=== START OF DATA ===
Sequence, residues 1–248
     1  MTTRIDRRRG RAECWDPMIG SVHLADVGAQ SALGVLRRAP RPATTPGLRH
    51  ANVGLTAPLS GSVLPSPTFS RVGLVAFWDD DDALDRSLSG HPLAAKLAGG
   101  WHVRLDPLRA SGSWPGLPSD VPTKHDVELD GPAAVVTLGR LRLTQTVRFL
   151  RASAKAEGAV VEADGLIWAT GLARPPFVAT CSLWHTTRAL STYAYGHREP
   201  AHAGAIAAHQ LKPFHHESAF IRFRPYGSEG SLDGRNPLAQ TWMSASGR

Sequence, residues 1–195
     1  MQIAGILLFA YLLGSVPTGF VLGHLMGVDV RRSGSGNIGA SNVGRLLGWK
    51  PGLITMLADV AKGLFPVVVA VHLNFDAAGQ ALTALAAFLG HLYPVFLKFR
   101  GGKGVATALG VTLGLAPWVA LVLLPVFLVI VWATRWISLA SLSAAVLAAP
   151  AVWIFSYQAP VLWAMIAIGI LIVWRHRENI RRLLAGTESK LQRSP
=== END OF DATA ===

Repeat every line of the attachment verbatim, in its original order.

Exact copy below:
Sequence, residues 1–248
     1  MTTRIDRRRG RAECWDPMIG SVHLADVGAQ SALGVLRRAP RPATTPGLRH
    51  ANVGLTAPLS GSVLPSPTFS RVGLVAFWDD DDALDRSLSG HPLAAKLAGG
   101  WHVRLDPLRA SGSWPGLPSD VPTKHDVELD GPAAVVTLGR LRLTQTVRFL
   151  RASAKAEGAV VEADGLIWAT GLARPPFVAT CSLWHTTRAL STYAYGHREP
   201  AHAGAIAAHQ LKPFHHESAF IRFRPYGSEG SLDGRNPLAQ TWMSASGR

Sequence, residues 1–195
     1  MQIAGILLFA YLLGSVPTGF VLGHLMGVDV RRSGSGNIGA SNVGRLLGWK
    51  PGLITMLADV AKGLFPVVVA VHLNFDAAGQ ALTALAAFLG HLYPVFLKFR
   101  GGKGVATALG VTLGLAPWVA LVLLPVFLVI VWATRWISLA SLSAAVLAAP
   151  AVWIFSYQAP VLWAMIAIGI LIVWRHRENI RRLLAGTESK LQRSP